Hilary Niles

Freelance Investigative Reporter

Hilary is an independent investigative reporter, data journalism consultant and researcher based in Montpelier. She specializes in telling stories of how public policy shapes people's daily lives. 

Hilary's radio work has been featured on WBUR's Here and Now and the Public Radio Exchange's Station Showcase. She earned a Society of Professional Journalists’ Sigma Delta Chi award for excellence in 2013 for her research with Investigative Reporting Workshop founder Charles Lewis, of American University. 

Before moving to Vermont in 2013, Hilary studied in the graduate program at the Missouri School of Journalism, where she worked at Investigative Reporters and Editors. She previously graduated from the University of New Hampshire and Salt Institute for Documentary Studies, and served as founding program director at Portsmouth Community Radio in New Hampshire. 

Ways to Connect

Hilary Niles, file

The public’s right to access government information is firmly enshrined in Vermont law. And while there are successes, citizens also find little consistency or reliability among state agencies who control access to public records. 

Lisa Rathke / AP

Tony Sutton, the British car dealer who pieced together suspicions about Jay Peak’s immigrant-funded EB-5 developments, says he was disappointed with the state's response to the information he provided to regulators months before they took action.

Angela Evancie / VPR

Earlier this summer VPR reported that state officials received documentation of alleged fraud at Jay Peak Resort in 2014, a year and a half before filing charges against resort owner Ariel Quiros and president Bill Stenger.

The documentation came from an unusual source: one of the foreign investors in an EB-5 project at Jay Peak. He managed to piece together the alleged fraud before the state’s investigation even began.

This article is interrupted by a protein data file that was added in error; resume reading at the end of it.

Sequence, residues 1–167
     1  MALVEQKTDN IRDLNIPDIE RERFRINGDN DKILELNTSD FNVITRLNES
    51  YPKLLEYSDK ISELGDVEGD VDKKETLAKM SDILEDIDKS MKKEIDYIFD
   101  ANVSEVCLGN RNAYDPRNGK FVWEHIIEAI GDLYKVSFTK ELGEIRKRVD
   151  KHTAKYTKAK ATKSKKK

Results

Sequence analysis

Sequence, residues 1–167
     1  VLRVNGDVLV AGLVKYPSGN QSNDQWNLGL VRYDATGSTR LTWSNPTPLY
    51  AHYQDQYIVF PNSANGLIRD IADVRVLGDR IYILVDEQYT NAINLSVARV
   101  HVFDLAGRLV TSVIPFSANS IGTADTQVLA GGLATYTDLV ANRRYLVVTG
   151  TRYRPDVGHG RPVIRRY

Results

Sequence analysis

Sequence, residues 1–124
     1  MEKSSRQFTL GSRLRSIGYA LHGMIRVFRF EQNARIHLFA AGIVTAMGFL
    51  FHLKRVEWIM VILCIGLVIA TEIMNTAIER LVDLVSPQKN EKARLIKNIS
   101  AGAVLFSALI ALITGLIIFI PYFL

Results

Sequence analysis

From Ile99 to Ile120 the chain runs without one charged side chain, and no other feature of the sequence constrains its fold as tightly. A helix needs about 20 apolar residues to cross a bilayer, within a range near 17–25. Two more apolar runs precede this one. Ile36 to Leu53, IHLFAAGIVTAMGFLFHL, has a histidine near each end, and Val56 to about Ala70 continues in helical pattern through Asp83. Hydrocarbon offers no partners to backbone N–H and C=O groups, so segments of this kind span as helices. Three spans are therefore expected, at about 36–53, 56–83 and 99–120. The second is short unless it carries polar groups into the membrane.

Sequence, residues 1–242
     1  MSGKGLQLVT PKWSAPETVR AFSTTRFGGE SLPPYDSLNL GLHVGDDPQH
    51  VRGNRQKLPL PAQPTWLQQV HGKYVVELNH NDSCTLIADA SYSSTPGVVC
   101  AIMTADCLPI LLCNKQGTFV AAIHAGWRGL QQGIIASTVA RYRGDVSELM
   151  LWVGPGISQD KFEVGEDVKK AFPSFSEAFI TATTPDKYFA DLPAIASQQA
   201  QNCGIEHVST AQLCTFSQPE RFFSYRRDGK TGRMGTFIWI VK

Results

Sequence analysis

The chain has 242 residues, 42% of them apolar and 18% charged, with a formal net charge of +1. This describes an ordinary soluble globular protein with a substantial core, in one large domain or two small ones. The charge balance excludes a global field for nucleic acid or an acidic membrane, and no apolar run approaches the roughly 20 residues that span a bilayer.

Angela Evancie / VPR

A big question has lingered in the months since federal and state authorities charged Jay Peak developers with fraud: What did Gov. Peter Shumlin and other officials know about the alleged scam, and when did they know it?

Lisa Rathke / AP

Many foreign investors in Jay Peak’s EB-5 developments are scrambling in the wake of charges that the resort orchestrated a massive securities fraud with their money. But it’s more than just money riding on the outcome for some investors.

Legislation that would have made it easier for the state to decertify police offers for crimes and misconduct died in the Vermont Senate's Government Operations Committee earlier this week. 

Angela Evancie / VPR File

You may have heard about the nearly $1 million lawsuit the city of Rutland settled in December with a former police officer.

Vermont Interactive Technologies ceased operations last month at all 17 of its sites that had been used for job training, distance learning, bankruptcy proceedings, public hearings and more. Now, a plan for the state's public access TV stations to provide some of the service may be too late.

Hilary Niles / VPR

Vermont's decades-old statewide videoconferencing system is days away from being dismantled. But a central Vermont man who has fought the dissolution of Vermont Interactive Technologies is now taking his fight to court.